I finally could give all my concentration to the refrigerator. It was even worse than I had thought. After dumping all the unidentifiable objects, I kept a couple of containers of yogurt, a jar of peanut butter, and some milk not yet past its sell-by date so I would be able to eat at least something at home the next few days. By the time I had emptied tins half-filled with green tuna, bottles of fuzzy tomato sauce, and jars of mutated olives into the garbage disposal, my recycling bin was overflowing with glass and metal. Some of the leftovers got thrown out directly into the trash, along with their storage containers; I was afraid I would unleash poison gases if I opened them. I turned on the lights in the rooms facing the back of the house and opened the shades so I could find my way through the dark backyard to the composter, where I added the fruits and vegetables that had begun to morph into creatures that any director of horror films would love to use. Everything else went into giant black plastic trash bags, which I dragged to the curb and added to the trashcan. Being green has its limits, and if I hadn’t gotten that stuff out of the house, I would have been turning a very unflattering shade of green.

[end of excerpts] 

ILENE SCHNEIDER:

The above scene took place on the Tuesday night before the first Passover Seder the following Monday. As I write this blog, it is the Thursday night before the Monday Seder. Because of a variety of commitments – some personal, most professional – Aviva had to start even earlier than we have in real life. Well, perhaps not all that much earlier. We have been assiduously eating (and dumping) our way through the freezer and the refrigerator for a while now. The other day, we ran out of margarine. We would never finish a new tub before Pesach (the Hebrew for Passover) begins, so rather than buy one that would have to be tossed, my husband discovered that olive oil tastes great on baked potatoes. We find a lot of substitutions as we run out of condiments close to the holiday.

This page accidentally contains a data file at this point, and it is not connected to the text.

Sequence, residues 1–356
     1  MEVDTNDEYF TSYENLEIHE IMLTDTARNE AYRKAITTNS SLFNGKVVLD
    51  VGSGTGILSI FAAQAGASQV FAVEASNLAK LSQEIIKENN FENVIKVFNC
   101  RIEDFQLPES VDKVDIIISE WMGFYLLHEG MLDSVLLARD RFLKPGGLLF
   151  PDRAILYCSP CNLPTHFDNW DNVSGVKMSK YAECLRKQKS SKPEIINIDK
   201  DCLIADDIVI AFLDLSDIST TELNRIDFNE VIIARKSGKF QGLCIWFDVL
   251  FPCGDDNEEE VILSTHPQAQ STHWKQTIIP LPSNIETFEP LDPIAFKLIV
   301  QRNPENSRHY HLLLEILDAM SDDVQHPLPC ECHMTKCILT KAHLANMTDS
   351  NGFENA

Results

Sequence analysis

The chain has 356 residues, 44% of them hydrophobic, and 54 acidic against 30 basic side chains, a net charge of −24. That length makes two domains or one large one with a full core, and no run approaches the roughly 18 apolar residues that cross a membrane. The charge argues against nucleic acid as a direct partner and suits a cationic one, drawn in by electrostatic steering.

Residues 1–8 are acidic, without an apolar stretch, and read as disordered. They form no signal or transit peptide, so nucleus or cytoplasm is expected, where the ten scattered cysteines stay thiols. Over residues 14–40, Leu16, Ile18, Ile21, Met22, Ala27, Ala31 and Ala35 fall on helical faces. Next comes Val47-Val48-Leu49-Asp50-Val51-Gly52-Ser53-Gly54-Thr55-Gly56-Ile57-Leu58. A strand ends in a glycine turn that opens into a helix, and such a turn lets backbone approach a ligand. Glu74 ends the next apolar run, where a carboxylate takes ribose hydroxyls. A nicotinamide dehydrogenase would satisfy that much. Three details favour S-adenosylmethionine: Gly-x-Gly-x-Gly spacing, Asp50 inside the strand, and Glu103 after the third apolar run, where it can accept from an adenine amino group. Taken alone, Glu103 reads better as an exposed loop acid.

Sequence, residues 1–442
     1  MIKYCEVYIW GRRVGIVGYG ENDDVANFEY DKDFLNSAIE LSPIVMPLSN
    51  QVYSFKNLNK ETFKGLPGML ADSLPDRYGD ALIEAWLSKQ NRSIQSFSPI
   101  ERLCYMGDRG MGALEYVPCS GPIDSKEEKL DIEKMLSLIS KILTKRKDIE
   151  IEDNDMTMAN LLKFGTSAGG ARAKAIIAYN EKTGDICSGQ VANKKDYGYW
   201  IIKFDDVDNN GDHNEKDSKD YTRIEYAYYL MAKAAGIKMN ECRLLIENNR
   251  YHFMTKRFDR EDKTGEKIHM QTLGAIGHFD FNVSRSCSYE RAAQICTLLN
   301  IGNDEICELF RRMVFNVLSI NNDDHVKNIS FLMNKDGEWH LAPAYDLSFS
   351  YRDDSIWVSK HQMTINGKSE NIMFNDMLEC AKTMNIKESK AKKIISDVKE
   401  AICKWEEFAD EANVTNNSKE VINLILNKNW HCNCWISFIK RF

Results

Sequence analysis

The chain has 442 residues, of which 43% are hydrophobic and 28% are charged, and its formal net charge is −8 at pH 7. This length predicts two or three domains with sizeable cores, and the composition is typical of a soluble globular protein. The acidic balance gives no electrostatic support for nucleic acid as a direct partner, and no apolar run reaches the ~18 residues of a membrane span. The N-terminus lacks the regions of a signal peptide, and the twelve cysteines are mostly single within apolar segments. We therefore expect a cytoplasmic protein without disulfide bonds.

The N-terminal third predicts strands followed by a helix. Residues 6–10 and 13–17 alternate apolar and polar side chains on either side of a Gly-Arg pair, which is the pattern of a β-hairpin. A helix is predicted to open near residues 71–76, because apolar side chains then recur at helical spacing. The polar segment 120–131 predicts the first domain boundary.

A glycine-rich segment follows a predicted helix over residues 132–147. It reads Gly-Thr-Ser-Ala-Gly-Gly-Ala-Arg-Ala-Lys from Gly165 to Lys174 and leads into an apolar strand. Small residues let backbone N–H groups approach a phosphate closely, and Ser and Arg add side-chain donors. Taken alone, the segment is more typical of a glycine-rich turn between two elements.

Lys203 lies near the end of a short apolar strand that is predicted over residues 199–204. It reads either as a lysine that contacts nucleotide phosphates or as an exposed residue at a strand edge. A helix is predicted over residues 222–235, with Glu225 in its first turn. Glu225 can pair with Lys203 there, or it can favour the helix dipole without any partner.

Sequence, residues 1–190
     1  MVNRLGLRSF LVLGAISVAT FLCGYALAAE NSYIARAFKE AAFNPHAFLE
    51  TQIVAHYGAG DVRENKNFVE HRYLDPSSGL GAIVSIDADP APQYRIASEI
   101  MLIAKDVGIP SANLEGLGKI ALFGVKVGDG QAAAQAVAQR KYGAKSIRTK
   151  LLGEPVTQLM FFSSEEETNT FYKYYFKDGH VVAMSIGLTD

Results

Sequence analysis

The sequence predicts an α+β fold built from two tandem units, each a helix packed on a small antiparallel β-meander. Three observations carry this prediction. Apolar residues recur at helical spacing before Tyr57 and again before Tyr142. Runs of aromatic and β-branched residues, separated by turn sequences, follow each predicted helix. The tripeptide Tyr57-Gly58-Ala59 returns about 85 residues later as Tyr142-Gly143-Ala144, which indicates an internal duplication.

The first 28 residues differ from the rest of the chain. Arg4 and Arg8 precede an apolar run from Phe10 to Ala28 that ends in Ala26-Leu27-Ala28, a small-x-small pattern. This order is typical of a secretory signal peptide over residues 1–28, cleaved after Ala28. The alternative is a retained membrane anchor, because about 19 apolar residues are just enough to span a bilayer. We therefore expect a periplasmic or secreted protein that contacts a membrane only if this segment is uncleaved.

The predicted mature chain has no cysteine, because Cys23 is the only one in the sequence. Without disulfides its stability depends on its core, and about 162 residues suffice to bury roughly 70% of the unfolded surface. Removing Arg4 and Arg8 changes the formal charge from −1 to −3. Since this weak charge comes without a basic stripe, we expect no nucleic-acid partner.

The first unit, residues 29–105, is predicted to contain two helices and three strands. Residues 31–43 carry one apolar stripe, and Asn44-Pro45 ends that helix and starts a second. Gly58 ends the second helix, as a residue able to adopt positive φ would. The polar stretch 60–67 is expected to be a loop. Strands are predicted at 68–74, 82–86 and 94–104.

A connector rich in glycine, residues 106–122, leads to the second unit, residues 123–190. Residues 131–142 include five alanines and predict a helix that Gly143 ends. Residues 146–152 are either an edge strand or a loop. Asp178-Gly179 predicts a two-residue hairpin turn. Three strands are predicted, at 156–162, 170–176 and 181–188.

Did I exaggerate the descriptions of the results of Aviva’s excavation of the contents of her perishables for comic effect? Well, yes, and no. After all, they say to write what you know. We are often amazed at what we find what has been lurking in the back reaches of the fridge since the previous Pesach. Generally, though, the mutated veggies go into the composter before they have become sentient; I have gotten to the point where I can identify which veggie has gone bad just by the smell. (Onions and potatoes are particularly distinct.)

So, you may ask, with good reason, what am I doing sitting in a local branch of a nationally known coffee shop known for its highly addictive and overpriced frozen drinks, typing away on my laptop instead of helping my husband clean out the kitchen so the cooking frenzy can commence ASAP? Because the pre-Pesach shopping and cleaning have become his job. He has a stronger stomach than I do. And he finds shopping a challenge; I find it a chore. My job is to do the cooking, after I unearth the needed ingredients from the dozens of shopping bags that fill every open space in the garage, the family room, and the enclosed porch. And to draw up the shopping list, forget to add a crucial ingredient, and then blame him. Isn’t that what an egalitarian marriage is all about?

I wish all my Jewish friends a Zissen Pesach (a sweet Passover) and to my non-Jewish ones: please pick up some discounted Easter candy and put it away for me until after Pesach. My kitchen is Kosher for Passover.

3 comments:

Vallery Feldman said...

Her books sound like fun. Will look for them.

Vallery Feldman said...

Enjoyed the article-will look for the books.

Vallery Feldman said...

Enjoyed the article-will look for the books.